Muslims all over the world have collectively been fasting the month of Ramadan for over 1400 years now, and it remains a struggle in so many ways – which is probably the point. However, with great struggles come great lessons that can change us for the better and keep us equipped for a balanced life. So let us not only survive this Ramadan but take a step closer to emerging better from it than what we were before it started.
1. Let the mind speak to the body
Not only is there a special emphasis on refraining from negativity during Ramadan – there simply is no room for it when your mind understands that your body will not be providing the energy for it. Negative thoughts are easier to throw to the wind in the spirit of the Holy Month, and when you just know that you cannot hold onto them because they will hold you back in the most basic of functions by taking up your energy. The body will tell the mind that there will be no elbow room for a vortex of saltiness and the mind will tell the body to reserve its stores for only the best and basic actions. Energy spent towards giving is more rewarding and hopefully less draining.
2. Do not let cravings win
Take the power back. You know very well that by the time you break your fast, you will not want Sonic and Taco Bell as bad as you wanted it an hour before Iftar time. Write down your cravings or try to remember them so that after you break your fast you can laugh at how insignificant the need for those foods has become. Many things in life seem so important when they are out of reach, and cravings during Ramadan exemplify that issue. You know deep down that all you need is a date, a sip of water and that first bite of a crispy samosa – and that’s probably true for a lot of other things in your life, too.
3. Remain mindful of other sources of consumption
There is always more to a fast than not eating – it’s about thoughts and actions, and those are always influenced by what we’re absorbing. During Ramadan, many people try to limit their exposure to the less savory elements of our society – sex and violence are prime examples – and so cut out music or clear certain types of songs out of their playlists. Changing the kinds of show and movies you watch, or skipping them altogether, can also be helpful because that time may ultimately go towards something more productive. At the same time, it’s important to stay informed about and empathetic to the many people in the world who need our help and prayers.
5. Don’t feel like the odd one out in the western hemisphere
A happy “Not Even Water” month to you. I know the struggle is real when it comes to trying to explain to peers in non-Muslim majority countries why you’re not eating, or only functioning decently at odd hours. Some deeper spiritual questions can be even trickier to answer when people don’t understand the norms you’re emerging from. You suddenly feel more different than ever from your peers because of all the nuances you’re carrying with you. How do you talk about what you’re up to during Ramadan without sounding self-righteous, mystical, or self-punishing? How do you explain it all while covering your mouth so they won’t get a whiff of your “fasting breath”?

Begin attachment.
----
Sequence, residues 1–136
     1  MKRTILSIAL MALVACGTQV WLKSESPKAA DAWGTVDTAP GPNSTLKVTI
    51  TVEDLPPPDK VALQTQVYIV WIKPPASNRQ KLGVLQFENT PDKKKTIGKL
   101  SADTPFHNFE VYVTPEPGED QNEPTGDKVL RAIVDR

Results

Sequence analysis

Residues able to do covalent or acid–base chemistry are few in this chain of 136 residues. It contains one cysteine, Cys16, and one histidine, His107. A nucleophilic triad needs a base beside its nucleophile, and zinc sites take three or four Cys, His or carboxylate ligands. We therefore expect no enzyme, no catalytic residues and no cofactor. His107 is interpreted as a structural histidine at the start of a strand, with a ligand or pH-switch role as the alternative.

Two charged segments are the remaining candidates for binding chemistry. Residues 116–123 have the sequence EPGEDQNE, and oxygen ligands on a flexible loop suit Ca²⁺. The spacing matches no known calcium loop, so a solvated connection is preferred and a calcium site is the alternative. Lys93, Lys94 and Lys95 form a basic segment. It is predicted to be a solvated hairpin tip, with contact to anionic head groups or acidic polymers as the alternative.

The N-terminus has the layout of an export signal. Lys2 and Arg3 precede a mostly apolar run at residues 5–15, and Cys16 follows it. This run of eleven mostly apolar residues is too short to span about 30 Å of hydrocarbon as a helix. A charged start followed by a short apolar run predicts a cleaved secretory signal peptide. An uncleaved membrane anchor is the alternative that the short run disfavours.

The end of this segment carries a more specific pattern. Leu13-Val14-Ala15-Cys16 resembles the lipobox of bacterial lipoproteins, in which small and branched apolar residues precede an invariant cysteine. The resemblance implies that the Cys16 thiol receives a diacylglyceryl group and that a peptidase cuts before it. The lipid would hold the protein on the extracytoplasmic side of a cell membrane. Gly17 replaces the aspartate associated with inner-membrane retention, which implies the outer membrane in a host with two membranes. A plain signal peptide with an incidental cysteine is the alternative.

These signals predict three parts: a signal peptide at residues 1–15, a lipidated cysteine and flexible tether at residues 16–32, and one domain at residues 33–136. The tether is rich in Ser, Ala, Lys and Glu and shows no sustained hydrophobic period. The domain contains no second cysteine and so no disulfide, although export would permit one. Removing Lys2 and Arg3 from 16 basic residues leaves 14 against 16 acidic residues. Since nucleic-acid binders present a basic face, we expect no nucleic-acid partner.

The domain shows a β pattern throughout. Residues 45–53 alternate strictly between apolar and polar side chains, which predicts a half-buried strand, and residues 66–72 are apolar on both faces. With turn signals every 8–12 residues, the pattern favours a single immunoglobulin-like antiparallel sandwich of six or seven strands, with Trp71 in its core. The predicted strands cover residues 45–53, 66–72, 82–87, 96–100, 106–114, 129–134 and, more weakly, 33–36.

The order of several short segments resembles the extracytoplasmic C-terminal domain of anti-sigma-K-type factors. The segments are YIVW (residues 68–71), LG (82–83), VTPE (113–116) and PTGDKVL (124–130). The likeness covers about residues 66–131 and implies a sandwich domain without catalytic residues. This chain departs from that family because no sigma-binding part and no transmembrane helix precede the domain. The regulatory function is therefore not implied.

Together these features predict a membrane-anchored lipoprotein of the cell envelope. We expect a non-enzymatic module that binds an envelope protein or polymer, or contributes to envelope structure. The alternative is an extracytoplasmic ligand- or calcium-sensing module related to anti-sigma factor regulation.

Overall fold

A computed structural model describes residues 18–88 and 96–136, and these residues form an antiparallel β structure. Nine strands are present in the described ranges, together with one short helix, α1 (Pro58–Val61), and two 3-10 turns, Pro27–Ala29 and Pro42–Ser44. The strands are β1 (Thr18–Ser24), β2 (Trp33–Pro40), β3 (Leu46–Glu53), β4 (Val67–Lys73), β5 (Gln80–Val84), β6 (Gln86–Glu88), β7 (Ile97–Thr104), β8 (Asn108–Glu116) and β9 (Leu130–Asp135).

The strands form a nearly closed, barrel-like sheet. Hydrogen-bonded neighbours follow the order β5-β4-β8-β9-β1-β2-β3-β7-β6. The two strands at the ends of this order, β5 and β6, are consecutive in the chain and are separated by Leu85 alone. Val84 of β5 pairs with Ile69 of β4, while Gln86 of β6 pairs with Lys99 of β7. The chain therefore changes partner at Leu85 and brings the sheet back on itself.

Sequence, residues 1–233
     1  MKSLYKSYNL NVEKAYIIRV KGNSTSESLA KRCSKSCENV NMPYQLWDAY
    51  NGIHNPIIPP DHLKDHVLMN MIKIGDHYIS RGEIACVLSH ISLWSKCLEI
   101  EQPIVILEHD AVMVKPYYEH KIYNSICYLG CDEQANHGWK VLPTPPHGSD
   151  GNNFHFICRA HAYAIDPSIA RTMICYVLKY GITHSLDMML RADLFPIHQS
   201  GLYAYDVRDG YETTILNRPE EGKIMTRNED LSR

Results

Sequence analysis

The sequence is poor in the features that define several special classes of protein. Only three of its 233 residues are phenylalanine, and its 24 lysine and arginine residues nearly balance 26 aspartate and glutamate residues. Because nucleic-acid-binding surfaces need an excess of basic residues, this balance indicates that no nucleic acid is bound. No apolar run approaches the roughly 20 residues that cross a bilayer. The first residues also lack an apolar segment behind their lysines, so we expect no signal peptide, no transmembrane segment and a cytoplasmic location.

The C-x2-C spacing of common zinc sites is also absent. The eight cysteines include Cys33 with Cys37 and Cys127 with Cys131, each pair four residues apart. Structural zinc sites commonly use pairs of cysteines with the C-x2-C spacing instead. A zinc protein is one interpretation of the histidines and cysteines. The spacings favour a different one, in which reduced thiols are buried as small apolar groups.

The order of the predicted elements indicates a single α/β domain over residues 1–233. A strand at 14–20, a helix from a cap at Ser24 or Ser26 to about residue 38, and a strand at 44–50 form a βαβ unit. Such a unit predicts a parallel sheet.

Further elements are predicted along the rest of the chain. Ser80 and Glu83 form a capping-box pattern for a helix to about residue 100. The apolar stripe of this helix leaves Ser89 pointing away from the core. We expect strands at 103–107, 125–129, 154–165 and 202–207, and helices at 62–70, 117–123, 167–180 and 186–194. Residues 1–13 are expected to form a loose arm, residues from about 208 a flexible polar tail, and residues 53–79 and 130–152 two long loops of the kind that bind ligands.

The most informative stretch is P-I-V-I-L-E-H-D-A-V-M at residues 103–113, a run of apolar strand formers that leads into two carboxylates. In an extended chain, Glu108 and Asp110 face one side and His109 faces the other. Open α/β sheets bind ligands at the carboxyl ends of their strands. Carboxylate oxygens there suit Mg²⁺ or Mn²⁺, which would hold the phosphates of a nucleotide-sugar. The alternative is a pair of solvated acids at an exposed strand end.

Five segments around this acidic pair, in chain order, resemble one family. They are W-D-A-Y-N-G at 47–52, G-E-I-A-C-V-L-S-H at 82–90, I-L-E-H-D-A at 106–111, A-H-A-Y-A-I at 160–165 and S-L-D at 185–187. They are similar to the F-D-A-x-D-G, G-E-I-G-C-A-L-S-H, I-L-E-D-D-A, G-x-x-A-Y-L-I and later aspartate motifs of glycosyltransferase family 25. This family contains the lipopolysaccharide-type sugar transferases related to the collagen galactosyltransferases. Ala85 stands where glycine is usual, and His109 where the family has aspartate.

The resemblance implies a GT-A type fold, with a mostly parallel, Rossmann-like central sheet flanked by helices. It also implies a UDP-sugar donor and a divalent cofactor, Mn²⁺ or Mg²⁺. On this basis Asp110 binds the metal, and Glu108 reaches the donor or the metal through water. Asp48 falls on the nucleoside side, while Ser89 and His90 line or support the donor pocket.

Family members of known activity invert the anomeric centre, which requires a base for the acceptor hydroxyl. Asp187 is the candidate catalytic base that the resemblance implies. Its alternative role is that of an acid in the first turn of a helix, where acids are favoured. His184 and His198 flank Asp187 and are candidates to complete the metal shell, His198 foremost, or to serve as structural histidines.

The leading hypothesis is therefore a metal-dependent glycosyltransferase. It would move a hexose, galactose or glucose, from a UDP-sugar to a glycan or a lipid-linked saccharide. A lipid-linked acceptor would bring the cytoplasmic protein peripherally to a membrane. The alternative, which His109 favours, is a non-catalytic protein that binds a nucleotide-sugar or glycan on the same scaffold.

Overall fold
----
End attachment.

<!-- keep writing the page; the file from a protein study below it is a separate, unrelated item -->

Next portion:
First off, remember that if you let yourself feel distant and different, others will perceive you as so. There is something mystical about what you are doing, so let people make of that what they will. Your faith and your fast are a part of you and only make you more of the human that you are. If it is okay for the people around you to be who they are and celebrate what they believe in, it is okay for you too, and it is enough that you know that.
Secondly, remember that it’s good for people to ask you questions, especially if they are ones you yourself have yet to be able to answer – it will push you to learn more. If you’re getting cranky during the day, or just need an emotional break from having to explain your beliefs and practices, gently suggest texting, calling or FaceTiming later if your peers want to have a conversation about anything or have more questions about Ramadan.
6. Find your family, and appreciate them
There are plenty of us who are at school or work far away from the homestead, and it can be rough to finally reach a time of year where you get to celebrate something you believe in, but there is no one to celebrate with. If you are lucky, you have found a family with the friends you do get to be around. Meanwhile, try to look at the bright side: at least you get to decide the menu for Iftar and Suhoor! So if you do decide to succumb to the allure of Sonic, there’s no one around to try and force a salad on you. But you also learn to appreciate time with family even more, and from that point on there is no Eid or Ramadan with family that ever goes to waste – simply being around the people you care about is the celebration in itself. Yes, the truth can be corny.
7. Lend a helping hand in the kitchen
If you’re lucky enough to live with friends and family who are also fasting, then roll up your sleeves and lend a hand preparing the Iftar and Suhoor meals. You are not the only one fasting, so why should only one person be working on cooking and cleaning in the house? Helping in the kitchen is just cooking meals, it is also sticking around to clean up, even when you’re exhausted and all you want to do is lie down until it’s time to break the fast. Everyone will be tired but we can all ease the burden on each other bit by bit.
We may not realize it, but the short month of Ramadan makes us stronger, more compassionate, and more disciplined in the long run. There is no way to standardize and measure these things, but that we seek within ourselves a deeper strength for at least this short period could be enough in the life we live.